Bicycling groups make a big deal about how bikes have a right to the road and how drivers who injure bicyclists should be punished. But what rights do pedestrians have when a bicyclist goes barreling down the sidewalk or right through a stop sign and injures them? Here's when you can sue a cyclist for personal injuries.
If They're On the Sidewalk
Sidewalk bicycling is a topic of great controversy. Cyclists want to get away from inattentive drivers while pedestrians fear bicycles barreling by. Even state laws are split on the subject with some areas banning bicycles on sidewalks and other areas encouraging riding on the sidewalk in high traffic areas.
If an accident happens in an area where sidewalk riding is banned, the legal case is simple. The cyclist will almost always be found liable because the pedestrian's injury would not have happened if the cyclist had followed the law and stayed off the sidewalk.
In areas where sidewalk riding is allowed, the answer is less clear. While cyclists generally must give the right of way to pedestrians, they aren't automatically liable.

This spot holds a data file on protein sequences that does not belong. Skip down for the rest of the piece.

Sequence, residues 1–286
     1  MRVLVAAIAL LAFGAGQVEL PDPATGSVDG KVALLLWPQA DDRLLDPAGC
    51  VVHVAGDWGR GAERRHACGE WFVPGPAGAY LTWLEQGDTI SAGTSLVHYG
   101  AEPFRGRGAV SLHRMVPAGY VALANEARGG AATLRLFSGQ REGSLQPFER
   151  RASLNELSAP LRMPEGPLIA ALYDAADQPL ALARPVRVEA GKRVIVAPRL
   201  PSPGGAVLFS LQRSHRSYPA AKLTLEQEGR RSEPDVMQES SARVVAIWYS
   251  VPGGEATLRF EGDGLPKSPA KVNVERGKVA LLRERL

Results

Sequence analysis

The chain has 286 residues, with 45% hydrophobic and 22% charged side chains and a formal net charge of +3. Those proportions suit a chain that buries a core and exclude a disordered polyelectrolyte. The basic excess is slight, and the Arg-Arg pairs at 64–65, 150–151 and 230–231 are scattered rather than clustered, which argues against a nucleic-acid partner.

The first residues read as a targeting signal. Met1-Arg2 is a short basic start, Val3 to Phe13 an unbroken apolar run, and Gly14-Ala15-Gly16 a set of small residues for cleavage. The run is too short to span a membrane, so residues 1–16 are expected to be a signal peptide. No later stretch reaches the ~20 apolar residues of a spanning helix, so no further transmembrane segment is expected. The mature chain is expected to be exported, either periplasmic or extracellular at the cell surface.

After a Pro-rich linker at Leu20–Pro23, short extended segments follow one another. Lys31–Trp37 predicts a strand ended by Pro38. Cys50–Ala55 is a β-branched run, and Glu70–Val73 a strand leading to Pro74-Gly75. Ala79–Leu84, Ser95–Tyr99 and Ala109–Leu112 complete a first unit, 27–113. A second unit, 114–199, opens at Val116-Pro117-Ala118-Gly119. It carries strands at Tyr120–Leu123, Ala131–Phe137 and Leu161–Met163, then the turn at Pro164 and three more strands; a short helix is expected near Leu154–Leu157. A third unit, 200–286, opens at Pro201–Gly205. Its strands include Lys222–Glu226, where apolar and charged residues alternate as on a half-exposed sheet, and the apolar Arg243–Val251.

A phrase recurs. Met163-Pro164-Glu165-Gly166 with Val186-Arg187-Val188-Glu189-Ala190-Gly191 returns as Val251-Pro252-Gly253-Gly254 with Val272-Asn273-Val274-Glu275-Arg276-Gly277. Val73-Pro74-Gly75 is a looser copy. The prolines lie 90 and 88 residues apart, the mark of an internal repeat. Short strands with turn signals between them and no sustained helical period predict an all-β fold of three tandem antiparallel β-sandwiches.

Instead, the courts will apply a reasonableness test. If they were acting reasonably by riding at a slow speed and using their warning bell and a pedestrian suddenly turned into their path, the pedestrian will probably be held at fault. If they were riding at a high speed weaving in and out of people on a busy sidewalk, the cyclist will probably be at fault.
Stops Signs and Traffic Signals
Bicyclists must obey all stop signs and traffic signals. Even if some cyclists think it's "safer" to run them, they must follow the law.
When a cyclist blows through a traffic control device, they will almost always be responsible for an accident. The only exception might be if a pedestrian went through a no walk sign and was found to also be at fault for the collision.
On the Road
Cyclists and pedestrians may also collide on the road when pedestrians jaywalk or runners decide the asphalt bike lane is easier on their legs than the concrete sidewalk. On the road, the tables are turned.
Because pedestrians aren't supposed to be on the road, the cyclists will be given the benefit of the doubt in an accident.
To learn more about your rights to recover if you've been injured by a cyclist, contact a local personal injury lawyer today. Contact a business, such as Scherline And Associates, for more information about filing a lawsuit.Share
4 May 2016
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